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The Opioid Epidemic


What are Opioids?


Opiates and opioids are classes of depressant analgesics derived from or chemically similar to substances found in the opium poppy. They include both naturally occurring and synthetic substances.

Opioids are all substances with opium-like effects, including opiates, semi-synthetic opioids derived from morphine (such as heroin, hydrocodone, hydromorphone, oxycodone, and oxymorphone), and synthetic opioids which are not derived from morphine (such as fentanyl, buprenorphine, and methadone).


Why is this happening?


Opioid use has increased across all social classes in Onondaga County, similarly to state and national trends. Two main reasons for this troubling trend are:

  • Increased use of prescription opiate pain medications

  • Availability of cheap heroin

According to the CDC, One in 14 Americans reports experiencing a substance use disorder. There is not one single driving factor that leads to addiction. Some people may use drugs to help cope with stress, trauma, or to help with mental health issues. Some may even develop opioid use disorder after misusing opioids they are prescribed by doctors. In any case, using drugs over time makes it easier to become addicted.


Substance use disorder (SUD)

Substance use disorder (SUD) occurs when a person’s use of drugs or alcohol results in health issues or problems in their work, school, or home life.1 Education and awareness around the harm of using substances, along with the support of friends, parents, and caregivers, can help prevent SUD.



Opioid use disorder (OUD)

Opioid use disorder (OUD) occurs when chronic opioid use causes significant suffering and damage. About 1.6 million people in the United States suffer from OUD. Prescription drug monitoring programs, state prescription drug laws, and education around safe storage and disposal can help in prevent prescription opioid misuse, OUD, and overdose.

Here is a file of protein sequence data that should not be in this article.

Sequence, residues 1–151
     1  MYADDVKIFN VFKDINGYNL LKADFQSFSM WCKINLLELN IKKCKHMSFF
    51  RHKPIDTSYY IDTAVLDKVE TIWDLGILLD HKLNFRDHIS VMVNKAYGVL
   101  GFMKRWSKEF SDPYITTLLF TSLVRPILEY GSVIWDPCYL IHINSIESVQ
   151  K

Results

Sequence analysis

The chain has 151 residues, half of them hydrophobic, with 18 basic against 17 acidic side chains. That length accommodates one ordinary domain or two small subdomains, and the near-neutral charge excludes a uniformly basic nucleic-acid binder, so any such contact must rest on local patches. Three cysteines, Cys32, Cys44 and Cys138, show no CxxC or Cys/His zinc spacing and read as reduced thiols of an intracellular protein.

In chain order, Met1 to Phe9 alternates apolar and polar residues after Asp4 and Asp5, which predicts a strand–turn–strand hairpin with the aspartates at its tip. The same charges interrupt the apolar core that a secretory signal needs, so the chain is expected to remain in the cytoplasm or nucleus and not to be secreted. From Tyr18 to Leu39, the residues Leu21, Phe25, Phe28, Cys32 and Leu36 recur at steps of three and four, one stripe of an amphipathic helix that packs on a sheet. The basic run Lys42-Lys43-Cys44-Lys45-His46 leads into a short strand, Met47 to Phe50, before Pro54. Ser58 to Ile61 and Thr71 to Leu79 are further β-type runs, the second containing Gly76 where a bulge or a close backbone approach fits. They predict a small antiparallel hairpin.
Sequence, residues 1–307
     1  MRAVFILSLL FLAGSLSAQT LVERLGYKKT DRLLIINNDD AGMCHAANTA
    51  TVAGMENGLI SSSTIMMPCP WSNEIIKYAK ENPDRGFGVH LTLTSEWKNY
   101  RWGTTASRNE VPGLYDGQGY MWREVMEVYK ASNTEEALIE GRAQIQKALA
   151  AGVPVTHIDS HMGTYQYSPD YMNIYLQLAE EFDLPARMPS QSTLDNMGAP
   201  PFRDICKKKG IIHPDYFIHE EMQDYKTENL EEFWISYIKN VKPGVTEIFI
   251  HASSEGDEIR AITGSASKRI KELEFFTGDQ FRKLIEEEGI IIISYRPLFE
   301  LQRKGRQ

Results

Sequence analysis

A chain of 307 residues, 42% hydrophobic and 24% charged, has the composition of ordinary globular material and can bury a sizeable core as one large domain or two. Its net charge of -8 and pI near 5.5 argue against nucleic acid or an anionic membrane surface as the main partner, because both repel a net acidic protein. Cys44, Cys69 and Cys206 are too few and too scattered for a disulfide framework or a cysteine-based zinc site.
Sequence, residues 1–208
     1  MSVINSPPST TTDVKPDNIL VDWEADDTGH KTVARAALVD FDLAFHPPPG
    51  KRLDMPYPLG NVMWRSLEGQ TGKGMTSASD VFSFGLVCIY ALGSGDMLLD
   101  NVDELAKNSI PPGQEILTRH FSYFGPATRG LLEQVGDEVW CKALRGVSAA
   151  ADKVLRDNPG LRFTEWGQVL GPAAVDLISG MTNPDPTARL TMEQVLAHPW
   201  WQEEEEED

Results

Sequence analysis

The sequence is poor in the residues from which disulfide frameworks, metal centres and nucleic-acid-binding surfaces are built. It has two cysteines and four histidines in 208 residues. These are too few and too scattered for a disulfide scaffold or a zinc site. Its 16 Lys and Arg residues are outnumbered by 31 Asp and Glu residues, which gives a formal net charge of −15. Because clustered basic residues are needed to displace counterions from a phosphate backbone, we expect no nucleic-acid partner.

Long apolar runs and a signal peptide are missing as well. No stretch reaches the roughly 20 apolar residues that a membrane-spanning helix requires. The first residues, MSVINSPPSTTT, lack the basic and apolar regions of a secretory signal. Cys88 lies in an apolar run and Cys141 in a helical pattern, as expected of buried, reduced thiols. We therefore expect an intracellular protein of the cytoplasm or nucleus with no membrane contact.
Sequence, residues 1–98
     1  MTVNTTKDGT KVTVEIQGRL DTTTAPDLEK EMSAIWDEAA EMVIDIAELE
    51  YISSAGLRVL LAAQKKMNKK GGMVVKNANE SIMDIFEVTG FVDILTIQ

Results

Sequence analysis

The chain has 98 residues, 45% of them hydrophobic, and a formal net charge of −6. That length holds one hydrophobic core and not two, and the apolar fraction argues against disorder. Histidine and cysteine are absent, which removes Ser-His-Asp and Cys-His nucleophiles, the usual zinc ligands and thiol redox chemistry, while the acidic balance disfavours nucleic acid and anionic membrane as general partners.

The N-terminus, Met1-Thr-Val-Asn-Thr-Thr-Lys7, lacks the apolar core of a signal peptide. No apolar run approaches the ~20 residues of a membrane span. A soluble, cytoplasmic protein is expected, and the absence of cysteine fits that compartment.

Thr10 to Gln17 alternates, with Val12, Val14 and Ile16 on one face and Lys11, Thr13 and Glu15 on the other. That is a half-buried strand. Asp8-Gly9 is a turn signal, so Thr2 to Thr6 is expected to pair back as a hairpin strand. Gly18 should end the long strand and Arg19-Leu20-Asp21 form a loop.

The CDC reports that nearly 841,000 people have died since 1999 from a drug overdose. Currently, synthetic opioids like fentanyl are the main driver of drug overdose deaths, with 72.9% of opioid-related overdoses deaths involving synthetic opioids.




Overdose Deaths

Risk Factors for Heroin Use or Dependence

  • History of prescription opioid pain medications
  • Past or current substance abuse
  • Untreated psychiatric disorders
  • Younger age
  • Social or family environments that encourage misuse
  • Other drug use

According to the CDC, the likelihood of heroin use doubles with the use of alcohol, triples with marijuana use, increases 15 times over with the use of cocaine and increase 40 times over with the use of prescription opiates.

Negative Health Consequences of Using Opioids and Heroin

  • Strong sense of euphoria, dependence, constipation, sedation, respiratory depression, withdrawal symptoms with abrupt discontinuation and in exteme situations death can occur.
  • Fatal Overdose
  • When used intravenously it increases the chance of contracting HIV, hepatitis B and C or developing a bacterial infection.
  • Use during pregnancy results in exposure of babies to these drugs, results in neonatal abstinence syndrome (NAS). There has been a significant increase in incidences of NAS nationally (NEJM).
  • Increase in fatalities due to motor vehicle accidents.



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